macOS is going to require that all apps be 64-bit in the future, and most average users have no idea what that means. Is it about bandwidth, how fast they can download files from the internet? Something about the quality of audio files or photos? Or does it have something to do with file size, which is measured in bits and bytes (and mega-, giga-, and tera-)?

Without going into too much detail—if you want the nitty gritty, you can read this webopedia article that explains what is 64-bit computing—64-bit apps allow your Mac to do more, and do so more quickly. Bits are calculated as powers: one bit is 1, two bits is 2, four bits is 8, and so on. Essentially, 64 bits allows for numbers as high as 18 quintillion, meaning that a computer can calculate more, faster. That’s a simplistic way of explaining this, but another way of looking at this is that with 64-bit computer, a processor can use—hold on to your hats—16 exabytes of memory. (An exabyte is 1,000 petabytes, a petabyte is 1,000 terabytes, and a terabyte is 1,000 gigabytes.) When we get down to that scale, most people understand the numbers; in fact, your Mac probably has at least 8 gigabytes of RAM, perhaps more, but nowhere near those numbers.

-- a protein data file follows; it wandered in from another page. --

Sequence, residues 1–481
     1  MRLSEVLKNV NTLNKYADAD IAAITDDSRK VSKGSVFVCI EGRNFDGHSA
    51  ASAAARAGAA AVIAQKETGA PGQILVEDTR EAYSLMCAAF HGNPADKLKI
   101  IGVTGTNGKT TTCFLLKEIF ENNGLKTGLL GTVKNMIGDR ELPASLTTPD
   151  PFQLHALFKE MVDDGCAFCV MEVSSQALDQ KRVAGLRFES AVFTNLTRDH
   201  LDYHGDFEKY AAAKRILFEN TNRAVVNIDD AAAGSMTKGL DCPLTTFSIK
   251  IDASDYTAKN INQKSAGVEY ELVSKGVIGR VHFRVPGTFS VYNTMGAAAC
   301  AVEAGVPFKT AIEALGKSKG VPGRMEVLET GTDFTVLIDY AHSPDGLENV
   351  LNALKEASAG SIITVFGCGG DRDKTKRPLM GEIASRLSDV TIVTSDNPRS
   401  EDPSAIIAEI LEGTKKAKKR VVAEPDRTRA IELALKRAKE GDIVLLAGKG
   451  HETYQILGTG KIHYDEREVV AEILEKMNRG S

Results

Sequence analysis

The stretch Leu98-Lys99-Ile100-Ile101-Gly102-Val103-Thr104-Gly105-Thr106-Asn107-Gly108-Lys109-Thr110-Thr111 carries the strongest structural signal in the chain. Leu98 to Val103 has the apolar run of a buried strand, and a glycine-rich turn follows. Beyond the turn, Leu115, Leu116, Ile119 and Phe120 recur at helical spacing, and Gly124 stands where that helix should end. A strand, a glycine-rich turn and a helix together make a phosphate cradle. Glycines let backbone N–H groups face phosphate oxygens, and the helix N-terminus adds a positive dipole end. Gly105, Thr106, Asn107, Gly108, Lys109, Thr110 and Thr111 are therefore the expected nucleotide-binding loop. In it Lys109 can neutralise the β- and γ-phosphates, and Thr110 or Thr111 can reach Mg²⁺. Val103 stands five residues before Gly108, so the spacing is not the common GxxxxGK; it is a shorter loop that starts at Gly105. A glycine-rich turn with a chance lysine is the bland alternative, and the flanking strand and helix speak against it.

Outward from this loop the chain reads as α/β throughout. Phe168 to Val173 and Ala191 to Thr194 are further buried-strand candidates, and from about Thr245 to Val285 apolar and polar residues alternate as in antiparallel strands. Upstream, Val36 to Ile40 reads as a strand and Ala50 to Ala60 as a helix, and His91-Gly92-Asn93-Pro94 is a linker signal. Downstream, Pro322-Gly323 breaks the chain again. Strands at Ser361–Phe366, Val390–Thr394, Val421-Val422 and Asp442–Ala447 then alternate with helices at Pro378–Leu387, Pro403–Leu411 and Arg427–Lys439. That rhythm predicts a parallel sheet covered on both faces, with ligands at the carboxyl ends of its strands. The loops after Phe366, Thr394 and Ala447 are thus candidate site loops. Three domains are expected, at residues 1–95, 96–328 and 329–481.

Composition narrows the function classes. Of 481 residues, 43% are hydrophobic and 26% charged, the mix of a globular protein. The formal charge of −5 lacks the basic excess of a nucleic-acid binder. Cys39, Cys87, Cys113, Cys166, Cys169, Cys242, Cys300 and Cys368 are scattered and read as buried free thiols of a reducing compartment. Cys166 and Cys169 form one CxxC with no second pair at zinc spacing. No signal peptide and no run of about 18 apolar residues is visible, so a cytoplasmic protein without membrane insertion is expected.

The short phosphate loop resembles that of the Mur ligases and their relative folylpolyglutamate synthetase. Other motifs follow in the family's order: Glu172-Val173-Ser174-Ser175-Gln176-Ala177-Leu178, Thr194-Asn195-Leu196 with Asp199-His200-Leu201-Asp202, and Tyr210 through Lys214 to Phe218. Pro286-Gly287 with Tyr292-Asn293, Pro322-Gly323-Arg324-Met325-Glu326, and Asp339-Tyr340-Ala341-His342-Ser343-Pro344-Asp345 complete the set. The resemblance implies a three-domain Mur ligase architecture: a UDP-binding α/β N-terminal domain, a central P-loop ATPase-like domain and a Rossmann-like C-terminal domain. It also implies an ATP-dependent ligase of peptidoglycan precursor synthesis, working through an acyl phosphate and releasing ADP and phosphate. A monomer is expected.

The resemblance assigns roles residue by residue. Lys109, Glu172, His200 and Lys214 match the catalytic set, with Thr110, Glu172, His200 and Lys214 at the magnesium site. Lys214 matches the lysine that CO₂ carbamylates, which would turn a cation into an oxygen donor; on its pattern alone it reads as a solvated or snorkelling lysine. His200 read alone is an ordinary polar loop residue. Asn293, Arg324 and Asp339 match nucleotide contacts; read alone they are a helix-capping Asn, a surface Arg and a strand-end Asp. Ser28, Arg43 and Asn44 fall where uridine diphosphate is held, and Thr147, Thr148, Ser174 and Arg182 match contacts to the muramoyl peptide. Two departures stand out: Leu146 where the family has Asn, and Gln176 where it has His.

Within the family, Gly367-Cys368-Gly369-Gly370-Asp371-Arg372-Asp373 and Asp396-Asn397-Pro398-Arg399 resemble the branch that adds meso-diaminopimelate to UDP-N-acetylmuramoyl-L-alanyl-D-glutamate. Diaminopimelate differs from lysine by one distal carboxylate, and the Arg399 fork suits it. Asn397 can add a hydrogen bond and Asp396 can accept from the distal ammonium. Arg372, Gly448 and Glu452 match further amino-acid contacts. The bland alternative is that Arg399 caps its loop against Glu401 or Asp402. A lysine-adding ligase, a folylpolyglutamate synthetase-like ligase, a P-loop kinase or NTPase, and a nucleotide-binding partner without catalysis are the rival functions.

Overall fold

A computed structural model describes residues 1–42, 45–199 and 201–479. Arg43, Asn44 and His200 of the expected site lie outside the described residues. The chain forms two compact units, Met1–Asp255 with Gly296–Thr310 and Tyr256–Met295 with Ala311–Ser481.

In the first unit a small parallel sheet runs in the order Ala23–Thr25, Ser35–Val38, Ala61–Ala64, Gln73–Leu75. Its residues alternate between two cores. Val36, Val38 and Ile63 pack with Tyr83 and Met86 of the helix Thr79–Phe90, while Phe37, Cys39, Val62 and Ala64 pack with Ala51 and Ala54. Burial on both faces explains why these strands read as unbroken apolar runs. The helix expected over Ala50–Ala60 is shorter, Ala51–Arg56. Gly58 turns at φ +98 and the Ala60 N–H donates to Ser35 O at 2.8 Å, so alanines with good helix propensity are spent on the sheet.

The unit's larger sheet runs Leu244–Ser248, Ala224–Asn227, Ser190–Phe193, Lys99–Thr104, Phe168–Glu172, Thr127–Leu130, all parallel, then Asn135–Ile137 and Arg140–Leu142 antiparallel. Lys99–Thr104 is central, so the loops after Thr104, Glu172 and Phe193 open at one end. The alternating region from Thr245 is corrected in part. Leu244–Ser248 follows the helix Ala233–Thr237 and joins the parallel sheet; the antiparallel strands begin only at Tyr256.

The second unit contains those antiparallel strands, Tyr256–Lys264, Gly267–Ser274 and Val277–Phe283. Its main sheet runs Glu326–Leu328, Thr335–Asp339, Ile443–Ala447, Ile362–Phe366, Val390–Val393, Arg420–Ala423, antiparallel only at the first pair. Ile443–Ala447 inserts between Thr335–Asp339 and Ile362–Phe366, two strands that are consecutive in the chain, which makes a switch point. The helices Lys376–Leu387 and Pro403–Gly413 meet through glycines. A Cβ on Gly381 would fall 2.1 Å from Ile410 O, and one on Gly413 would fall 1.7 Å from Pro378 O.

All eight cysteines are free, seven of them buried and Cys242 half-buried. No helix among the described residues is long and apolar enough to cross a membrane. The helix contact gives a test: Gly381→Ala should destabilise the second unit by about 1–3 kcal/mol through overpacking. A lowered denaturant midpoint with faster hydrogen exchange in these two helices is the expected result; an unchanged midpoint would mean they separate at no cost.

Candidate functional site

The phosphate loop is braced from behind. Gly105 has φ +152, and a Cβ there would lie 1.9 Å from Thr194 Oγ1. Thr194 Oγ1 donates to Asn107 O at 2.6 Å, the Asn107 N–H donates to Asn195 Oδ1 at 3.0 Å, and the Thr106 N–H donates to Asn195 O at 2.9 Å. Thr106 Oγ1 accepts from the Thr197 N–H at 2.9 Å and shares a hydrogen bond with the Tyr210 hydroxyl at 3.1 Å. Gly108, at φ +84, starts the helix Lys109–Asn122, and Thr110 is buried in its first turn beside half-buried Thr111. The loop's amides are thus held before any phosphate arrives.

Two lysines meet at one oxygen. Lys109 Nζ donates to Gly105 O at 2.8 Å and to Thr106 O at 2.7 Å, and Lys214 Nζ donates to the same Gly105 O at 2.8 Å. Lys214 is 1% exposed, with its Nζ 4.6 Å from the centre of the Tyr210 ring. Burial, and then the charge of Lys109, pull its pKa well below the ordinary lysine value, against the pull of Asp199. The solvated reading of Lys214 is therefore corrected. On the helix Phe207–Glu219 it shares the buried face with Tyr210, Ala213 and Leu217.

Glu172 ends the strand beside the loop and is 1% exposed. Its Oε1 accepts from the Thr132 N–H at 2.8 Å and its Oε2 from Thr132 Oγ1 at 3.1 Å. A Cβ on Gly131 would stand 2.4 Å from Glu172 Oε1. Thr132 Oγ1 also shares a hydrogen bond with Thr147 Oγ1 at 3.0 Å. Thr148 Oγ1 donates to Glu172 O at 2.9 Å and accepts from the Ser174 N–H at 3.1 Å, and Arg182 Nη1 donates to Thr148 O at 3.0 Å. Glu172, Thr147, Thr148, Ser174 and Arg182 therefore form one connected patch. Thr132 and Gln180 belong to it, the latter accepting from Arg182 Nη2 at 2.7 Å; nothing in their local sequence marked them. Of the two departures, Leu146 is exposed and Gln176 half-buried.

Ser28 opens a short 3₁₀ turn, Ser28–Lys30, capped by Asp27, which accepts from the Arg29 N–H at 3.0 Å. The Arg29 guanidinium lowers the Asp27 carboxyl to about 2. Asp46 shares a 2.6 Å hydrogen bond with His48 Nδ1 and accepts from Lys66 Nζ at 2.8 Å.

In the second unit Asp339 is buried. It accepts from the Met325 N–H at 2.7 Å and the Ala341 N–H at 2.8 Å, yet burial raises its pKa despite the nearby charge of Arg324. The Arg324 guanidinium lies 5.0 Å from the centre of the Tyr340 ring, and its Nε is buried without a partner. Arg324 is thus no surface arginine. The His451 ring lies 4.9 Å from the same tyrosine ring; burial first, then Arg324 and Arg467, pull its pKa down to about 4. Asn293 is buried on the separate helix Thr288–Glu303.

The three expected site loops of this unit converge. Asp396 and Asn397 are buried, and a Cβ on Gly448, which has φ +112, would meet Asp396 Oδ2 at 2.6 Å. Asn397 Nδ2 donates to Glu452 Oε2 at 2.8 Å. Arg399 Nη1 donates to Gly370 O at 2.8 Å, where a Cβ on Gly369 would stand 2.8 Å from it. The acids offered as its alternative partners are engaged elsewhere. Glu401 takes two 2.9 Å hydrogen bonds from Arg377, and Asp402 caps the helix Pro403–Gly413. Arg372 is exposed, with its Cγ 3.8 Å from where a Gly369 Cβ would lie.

This doesn’t mean you need to go out and buy a truckload of RAM for your iMac, but that its processor can pretend to be able to access huge amounts of virtual memory.

Why bits matter

Bits matter because processors used on today’s Macs are 64-bit, and running 32-bit apps will be inefficient. Apple isn’t shutting the door right away; instead, they’re giving app developers plenty of time to update their apps. The cutoff was originally going to be macOS Mojave (10.14), but was later pushed back to macOS Catalina (10.15).